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Bill Would Give Mechanics Information & Tools Available To Dealers

NEW BEDFORD — Sam Giammalvo's Auto Sales, a 50-year-old business on Purchase Street, opened its doors at a time when mechanics could diagnose problems and fix cars without sophisticated computer technology.

Decades ago, "you needed a good shop manual and tools," said Art Kinsman of the Boston-based Massachusetts Right to Repair Coalition. "Today you need literally millions of pages of information and all kinds of electronic tools to get the job done." Bay State lawmakers are weighing a bill that would give independent shops like Giammalvo's the same access to this information as dealers affiliated with big-name manufacturers. The bill also would require diagnostic tools be made available to independent shops "at a reasonable and nondiscriminatory price."
The so-called "right to repair" bill, one of several being considered by lawmakers, is expected to emerge today from the Joint Committee on Consumer Protection and Professional Licensure, where Rep. Robert M. Koczera, D-New Bedford, predicted it would win favor.

"From what I've been told, the votes are there in committee," he said, adding that he, too, supports the bill. "A lot of people have their own mechanics," he said. "If those mechanics are capable enough to deal with the new electronics "¦ they should be able to access whatever codes and information they need." As things stand, independent shops are blocked from certain repair jobs because they lack this access, according to Sam Giammalvo's son, Mark Giammalvo, a city police officer who helps his father at the shop. Sam Giammalvo's Auto Sales paid more than $6,000 for the generic scan tool that mechanics use to determine the causes of various vehicle problems. Generic scan tools used to work on cars from a wider range of manufacturers, Mark Giammalvo said. But now, "you'll get this code that refers you to a dealer scan tool. I don't have a dealer scan tool."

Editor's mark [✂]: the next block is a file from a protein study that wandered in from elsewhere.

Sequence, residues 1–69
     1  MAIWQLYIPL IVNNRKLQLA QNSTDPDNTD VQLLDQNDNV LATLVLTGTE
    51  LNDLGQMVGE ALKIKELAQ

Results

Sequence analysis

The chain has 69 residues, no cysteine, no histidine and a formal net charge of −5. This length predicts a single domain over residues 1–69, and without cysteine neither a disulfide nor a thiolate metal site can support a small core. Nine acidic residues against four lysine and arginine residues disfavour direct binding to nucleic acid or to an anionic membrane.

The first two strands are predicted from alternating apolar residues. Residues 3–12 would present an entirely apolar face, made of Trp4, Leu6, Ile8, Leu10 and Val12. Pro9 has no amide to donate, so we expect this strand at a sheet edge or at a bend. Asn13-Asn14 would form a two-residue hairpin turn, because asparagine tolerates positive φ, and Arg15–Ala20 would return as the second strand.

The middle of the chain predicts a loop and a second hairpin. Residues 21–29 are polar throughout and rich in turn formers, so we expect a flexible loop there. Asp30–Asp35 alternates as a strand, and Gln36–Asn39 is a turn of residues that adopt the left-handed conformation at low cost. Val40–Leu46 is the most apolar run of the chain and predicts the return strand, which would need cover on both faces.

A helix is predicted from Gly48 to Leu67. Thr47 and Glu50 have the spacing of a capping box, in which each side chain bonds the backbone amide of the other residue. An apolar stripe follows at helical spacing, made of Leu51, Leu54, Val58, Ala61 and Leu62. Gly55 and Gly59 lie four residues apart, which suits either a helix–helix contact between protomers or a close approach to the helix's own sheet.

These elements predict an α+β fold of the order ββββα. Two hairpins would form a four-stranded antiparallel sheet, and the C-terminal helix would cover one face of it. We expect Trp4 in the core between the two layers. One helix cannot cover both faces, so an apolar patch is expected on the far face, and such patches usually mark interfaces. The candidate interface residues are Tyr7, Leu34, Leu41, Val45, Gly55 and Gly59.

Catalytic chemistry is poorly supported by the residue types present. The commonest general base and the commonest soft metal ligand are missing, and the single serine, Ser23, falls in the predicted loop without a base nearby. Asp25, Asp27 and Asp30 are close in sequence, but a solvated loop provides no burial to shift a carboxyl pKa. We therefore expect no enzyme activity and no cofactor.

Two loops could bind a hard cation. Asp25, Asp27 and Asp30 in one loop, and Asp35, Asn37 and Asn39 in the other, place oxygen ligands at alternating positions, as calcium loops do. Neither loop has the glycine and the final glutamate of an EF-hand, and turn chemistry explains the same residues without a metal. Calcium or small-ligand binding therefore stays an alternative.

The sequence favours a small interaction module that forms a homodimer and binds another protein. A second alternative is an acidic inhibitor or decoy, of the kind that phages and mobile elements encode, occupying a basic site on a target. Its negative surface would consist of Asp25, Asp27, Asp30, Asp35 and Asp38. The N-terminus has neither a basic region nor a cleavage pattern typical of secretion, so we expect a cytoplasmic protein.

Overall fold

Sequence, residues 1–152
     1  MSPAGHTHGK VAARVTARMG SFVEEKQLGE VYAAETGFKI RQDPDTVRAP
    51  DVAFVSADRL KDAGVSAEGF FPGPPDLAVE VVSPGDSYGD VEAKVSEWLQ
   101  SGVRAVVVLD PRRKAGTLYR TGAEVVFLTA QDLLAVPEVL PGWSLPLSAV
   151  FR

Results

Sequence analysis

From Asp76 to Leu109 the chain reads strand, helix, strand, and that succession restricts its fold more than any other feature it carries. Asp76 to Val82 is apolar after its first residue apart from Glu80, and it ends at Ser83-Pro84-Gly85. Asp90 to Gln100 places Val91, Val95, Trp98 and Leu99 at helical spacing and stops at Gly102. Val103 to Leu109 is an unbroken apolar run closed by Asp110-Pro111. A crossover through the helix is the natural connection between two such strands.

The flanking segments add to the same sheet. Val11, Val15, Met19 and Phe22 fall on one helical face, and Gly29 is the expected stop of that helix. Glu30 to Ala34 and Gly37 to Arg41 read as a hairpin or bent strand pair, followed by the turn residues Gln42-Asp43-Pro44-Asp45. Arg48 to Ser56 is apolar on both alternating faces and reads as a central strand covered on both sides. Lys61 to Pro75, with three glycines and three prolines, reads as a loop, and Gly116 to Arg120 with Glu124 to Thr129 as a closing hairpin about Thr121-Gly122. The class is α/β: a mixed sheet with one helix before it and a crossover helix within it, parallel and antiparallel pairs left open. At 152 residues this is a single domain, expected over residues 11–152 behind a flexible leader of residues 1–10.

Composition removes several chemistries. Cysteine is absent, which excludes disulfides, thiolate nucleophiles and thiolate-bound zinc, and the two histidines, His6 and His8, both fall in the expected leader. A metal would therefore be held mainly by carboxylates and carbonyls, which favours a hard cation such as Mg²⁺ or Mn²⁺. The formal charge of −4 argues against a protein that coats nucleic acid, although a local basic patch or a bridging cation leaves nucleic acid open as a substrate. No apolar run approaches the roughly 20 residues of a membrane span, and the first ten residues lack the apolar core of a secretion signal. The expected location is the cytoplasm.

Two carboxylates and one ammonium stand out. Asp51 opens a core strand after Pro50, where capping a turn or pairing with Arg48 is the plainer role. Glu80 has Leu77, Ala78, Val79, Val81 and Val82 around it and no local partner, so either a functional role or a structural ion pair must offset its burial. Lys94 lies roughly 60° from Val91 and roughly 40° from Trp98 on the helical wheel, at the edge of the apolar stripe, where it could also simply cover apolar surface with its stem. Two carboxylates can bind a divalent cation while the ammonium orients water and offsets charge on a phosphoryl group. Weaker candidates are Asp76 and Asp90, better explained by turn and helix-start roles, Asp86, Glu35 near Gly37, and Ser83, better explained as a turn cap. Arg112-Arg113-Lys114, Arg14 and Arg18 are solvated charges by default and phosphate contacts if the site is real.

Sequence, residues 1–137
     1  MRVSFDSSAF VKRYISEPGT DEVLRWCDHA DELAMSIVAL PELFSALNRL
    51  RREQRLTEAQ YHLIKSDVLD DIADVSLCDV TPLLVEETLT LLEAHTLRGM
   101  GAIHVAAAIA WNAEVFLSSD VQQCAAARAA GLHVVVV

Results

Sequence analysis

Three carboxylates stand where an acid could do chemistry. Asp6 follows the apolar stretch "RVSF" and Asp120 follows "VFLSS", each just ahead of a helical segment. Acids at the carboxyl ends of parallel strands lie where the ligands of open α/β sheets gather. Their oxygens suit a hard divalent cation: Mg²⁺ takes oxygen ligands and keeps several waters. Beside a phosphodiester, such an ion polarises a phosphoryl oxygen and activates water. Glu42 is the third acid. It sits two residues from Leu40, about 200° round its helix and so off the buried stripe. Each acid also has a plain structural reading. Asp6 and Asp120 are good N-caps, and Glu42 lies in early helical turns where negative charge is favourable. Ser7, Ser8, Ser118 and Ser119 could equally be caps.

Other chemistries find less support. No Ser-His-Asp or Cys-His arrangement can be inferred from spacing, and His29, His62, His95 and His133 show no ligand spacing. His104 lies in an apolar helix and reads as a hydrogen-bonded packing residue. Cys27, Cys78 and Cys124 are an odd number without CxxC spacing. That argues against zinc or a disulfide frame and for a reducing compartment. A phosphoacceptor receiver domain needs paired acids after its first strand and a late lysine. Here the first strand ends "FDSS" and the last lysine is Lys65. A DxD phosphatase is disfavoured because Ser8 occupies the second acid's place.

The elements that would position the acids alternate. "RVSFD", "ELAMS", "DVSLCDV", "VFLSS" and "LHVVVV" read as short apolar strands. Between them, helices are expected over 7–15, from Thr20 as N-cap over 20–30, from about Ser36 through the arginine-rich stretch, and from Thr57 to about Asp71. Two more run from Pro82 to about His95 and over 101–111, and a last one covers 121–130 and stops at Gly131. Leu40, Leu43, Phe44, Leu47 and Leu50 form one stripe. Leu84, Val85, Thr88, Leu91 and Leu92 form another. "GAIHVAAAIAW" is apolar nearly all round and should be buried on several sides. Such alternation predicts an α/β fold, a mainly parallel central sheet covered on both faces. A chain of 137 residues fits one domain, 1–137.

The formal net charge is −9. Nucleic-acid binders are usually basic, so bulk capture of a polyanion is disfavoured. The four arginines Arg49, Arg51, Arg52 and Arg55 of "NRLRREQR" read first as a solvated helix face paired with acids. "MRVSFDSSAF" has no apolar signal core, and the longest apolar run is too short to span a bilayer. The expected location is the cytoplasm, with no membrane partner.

This can force independent repair shops to refer their customers to dealers. "It's profit lost and, quite frankly, it's embarrassing," Giammalvo said. "The customer looks at you (like), 'What do you mean, you can't fix my car?'" This also can undermine competition, according to Rep. John F. Quinn, D-Dartmouth, who supports the bill along with Rep. Antonio F.D. Cabral, D-New Bedford.
Massachusetts Right to Repair Coalition coordinator Kinsman said he was optimistic the bill would be successful this session, despite a similar bill's death without a vote in the House after it was favorably reported out of committee in 2008. Similar legislation is pending in the U.S. Congress. 

"The more people know about this, the more they realize it's fair for consumers, it's fair for small businessmen," Kinsman said. Still, "there are powerful players on the other side from the auto industry who want to see this bill killed."

Robert O'Koniewski is the executive vice president of the Massachusetts State Automobile Dealers Association. "We've strongly opposed it," he said, in part because dealers are required to meet capital investment, facility and training requirements to secure their franchise status. "To draft a law to try to put independent repair shops on the same footing as dealers, we have issues with," he said. At the Association of International Automobile Manufacturers, "We think legislation is unnecessary because we know that that information is already available to anyone who wants to access it," Director of Government Affairs Paul Ryan said.

The National Automotive Service Task Force Web site provides temporary access to service information for a user fee. Ford, for example, charges $22 for 72 hours, $325 for a month and $2,700 for one year.  "Everything that is available to a franchise dealer is available to the independents" online, Ryan said. But Kinsman said, "In some cases, they're kind of getting the CliffsNotes version of things."

And even when independent mechanics purchase temporary access to information, these guides can still refer them to a dealer scan tool, according to Mark Giammalvo.
Regardless, Jim Lutz — a dealer at Alden Buick GMC Truck in Fairhaven and Alden Volkswagen Fairhaven — argued that independent shops are faring just fine.
Independent shops, he said, "have the bulk of the business already."

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